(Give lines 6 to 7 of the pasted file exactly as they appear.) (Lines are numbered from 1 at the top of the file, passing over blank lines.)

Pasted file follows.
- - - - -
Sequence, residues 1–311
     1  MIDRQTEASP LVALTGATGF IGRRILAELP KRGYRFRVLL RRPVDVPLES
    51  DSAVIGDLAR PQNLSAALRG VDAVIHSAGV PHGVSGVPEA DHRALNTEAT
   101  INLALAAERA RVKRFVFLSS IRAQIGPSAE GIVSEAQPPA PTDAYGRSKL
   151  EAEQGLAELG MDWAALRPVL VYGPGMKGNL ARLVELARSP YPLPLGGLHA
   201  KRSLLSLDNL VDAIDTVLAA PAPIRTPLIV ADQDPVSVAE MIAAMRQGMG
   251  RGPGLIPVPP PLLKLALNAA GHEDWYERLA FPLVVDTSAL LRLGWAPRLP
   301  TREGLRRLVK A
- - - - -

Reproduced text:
   201  KRSLLSLDNL VDAIDTVLAA PAPIRTPLIV ADQDPVSVAE MIAAMRQGMG
   251  RGPGLIPVPP PLLKLALNAA GHEDWYERLA FPLVVDTSAL LRLGWAPRLP